Curing salts are used in food preservation to prevent or slow spoilage by bacteria or fungus. Generally they are used for pickling meats as part of the process to make sausage or cured meat. Curing salts are generally a mixture of table salt, sodium nitrite and sometimes sodium nitrate. Common types of curing salts are Prague powder #1, which is 6% sodium nitrite and 94% table salt, and Prague powder #2 which also includes sodium nitrate.
Two types of curing salts are used in the preservation and sausage making, both called "Prague powder", and both dyed pink to help it blend better with meat and to prevent it from being confused with common table salt. Prague powder #1 or pink salt contains 93.75% table salt and 6.25% sodium nitrite. Prague powder #2 contains sodium nitrate in addition to sodium nitrite. The sodium nitrate found in Prague powder #2 gradually breaks down over time into sodium nitrite, and by the time a dry cured sausage is ready to be eaten, no sodium nitrate should be left. As an additive, the sodium nitrite or nitrate serves to inhibit the growth of bacteria, specifically Clostridium botulinum in an effort to prevent botulism, and helps preserve the color of cured meat.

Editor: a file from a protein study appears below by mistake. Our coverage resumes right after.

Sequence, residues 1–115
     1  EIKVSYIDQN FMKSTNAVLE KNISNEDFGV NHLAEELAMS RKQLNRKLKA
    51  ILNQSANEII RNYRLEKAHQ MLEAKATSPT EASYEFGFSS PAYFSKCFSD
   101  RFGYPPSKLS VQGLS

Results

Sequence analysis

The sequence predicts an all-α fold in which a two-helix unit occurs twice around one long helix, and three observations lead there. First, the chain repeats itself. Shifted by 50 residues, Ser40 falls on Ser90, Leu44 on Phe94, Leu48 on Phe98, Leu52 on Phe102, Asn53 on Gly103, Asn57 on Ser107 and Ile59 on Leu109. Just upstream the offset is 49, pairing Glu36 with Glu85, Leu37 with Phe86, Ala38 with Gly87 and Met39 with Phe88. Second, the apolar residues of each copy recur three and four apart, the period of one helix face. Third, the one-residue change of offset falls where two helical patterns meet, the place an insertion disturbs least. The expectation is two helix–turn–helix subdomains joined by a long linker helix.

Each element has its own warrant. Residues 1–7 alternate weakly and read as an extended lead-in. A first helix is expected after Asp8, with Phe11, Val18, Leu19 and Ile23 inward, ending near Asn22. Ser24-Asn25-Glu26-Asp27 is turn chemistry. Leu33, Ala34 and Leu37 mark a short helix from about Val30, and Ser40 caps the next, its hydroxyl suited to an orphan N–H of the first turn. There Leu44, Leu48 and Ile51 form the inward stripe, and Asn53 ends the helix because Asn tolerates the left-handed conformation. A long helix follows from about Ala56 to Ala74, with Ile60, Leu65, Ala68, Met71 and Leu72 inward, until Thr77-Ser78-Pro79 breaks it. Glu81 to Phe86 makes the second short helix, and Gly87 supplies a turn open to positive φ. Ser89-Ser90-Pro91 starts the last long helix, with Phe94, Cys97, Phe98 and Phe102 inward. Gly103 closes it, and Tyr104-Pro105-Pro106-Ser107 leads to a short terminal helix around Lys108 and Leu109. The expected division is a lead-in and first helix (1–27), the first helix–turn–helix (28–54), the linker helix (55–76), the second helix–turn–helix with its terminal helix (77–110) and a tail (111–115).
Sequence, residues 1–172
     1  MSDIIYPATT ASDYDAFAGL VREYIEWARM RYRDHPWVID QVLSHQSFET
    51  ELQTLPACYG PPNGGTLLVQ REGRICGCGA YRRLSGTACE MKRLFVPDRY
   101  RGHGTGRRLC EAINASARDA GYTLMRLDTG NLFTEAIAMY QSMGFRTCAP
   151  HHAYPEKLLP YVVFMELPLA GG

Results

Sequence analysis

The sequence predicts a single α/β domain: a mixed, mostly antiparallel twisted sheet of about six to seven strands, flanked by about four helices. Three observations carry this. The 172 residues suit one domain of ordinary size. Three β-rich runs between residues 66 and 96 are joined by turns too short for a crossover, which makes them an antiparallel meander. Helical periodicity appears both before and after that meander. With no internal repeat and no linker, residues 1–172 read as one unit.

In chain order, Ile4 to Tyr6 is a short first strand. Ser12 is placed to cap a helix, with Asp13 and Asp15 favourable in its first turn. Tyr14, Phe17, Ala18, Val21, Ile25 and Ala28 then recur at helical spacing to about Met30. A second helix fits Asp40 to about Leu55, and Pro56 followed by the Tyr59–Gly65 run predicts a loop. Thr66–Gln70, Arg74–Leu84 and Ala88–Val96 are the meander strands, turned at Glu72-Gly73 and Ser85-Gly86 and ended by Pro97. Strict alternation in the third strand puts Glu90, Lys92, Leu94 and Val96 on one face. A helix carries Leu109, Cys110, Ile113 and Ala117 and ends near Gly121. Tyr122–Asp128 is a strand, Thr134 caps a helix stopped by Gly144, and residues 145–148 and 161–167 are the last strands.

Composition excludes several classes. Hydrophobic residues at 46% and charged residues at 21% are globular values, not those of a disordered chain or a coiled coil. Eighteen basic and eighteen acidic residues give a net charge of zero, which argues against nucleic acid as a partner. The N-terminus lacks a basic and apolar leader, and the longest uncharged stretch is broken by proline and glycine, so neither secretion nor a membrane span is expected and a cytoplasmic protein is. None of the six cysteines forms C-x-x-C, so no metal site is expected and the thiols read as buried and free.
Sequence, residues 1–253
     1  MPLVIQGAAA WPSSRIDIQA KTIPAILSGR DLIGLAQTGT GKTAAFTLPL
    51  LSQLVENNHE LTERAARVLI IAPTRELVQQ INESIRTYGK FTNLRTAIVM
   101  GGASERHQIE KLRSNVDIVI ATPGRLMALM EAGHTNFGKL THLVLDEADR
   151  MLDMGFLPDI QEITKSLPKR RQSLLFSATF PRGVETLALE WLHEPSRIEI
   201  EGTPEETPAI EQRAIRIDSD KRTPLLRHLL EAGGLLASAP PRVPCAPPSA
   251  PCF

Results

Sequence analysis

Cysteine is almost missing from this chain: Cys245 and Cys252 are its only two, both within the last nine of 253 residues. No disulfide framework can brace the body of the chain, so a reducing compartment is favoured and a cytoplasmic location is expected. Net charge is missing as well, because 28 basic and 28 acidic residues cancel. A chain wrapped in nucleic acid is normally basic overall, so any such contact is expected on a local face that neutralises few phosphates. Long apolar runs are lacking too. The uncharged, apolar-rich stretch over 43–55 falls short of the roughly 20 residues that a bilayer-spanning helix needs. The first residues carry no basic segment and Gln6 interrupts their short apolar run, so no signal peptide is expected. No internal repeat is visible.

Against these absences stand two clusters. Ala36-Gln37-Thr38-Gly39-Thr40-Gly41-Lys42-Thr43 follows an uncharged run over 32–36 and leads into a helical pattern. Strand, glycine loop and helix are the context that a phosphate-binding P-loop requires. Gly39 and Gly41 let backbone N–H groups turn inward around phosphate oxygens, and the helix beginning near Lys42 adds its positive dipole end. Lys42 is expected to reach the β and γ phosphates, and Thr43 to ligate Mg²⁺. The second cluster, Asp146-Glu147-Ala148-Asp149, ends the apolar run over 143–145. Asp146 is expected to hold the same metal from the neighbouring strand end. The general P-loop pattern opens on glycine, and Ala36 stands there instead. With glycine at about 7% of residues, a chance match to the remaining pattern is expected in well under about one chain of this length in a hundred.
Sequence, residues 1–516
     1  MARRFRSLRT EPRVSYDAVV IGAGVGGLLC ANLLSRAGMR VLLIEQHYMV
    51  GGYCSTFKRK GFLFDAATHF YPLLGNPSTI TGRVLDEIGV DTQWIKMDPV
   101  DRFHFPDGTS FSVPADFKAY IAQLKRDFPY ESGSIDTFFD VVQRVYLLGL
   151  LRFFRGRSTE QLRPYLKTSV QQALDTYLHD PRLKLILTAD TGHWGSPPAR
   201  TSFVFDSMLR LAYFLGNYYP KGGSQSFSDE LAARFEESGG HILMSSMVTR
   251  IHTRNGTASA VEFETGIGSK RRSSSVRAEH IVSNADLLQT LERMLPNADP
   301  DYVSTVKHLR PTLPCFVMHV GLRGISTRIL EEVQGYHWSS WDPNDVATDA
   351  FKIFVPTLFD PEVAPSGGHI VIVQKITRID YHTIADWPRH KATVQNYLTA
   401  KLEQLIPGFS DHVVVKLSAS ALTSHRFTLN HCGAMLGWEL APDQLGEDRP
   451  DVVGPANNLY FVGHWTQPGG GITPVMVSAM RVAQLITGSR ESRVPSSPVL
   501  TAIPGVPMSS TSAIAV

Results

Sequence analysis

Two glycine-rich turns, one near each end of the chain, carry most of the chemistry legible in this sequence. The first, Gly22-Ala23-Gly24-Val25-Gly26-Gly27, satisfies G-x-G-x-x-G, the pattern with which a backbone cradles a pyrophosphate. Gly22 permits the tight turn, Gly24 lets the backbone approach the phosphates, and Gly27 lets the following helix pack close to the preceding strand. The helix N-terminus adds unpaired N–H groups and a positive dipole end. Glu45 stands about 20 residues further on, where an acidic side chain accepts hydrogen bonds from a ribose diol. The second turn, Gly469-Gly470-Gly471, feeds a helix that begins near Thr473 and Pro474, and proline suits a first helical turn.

- Gisslen, W. (2006). "Sausages and Cured Foods". Professional Cooking, College Version. Hoboken, NJ: John Wiley & Sons. p. 827. ISBN 9780471663744. Retrieved 2013-08-16.
- Ness, C. (2009-09-25). "Going Whole Hog". The San Francisco Chronicle. Retrieved 2010-02-21.
- Bitterman, M. (2010). "Salt Reference Guide". Salted: A Manifesto on the World's Most Essential Mineral, with Recipes. Random House. p. 187. ISBN 1580082629. Retrieved 2013-08-16.
- Sárraga, C.; Gil, M.; Arnau, J.; Monfort, J. M.; Cussó, R. (1989). "Effect of curing salt and phosphate on the activity of porcine muscle proteases". Meat Science (Elsevier Science) 25 (4): 241–249. doi:10.1016/0309-1740(89)90042-9.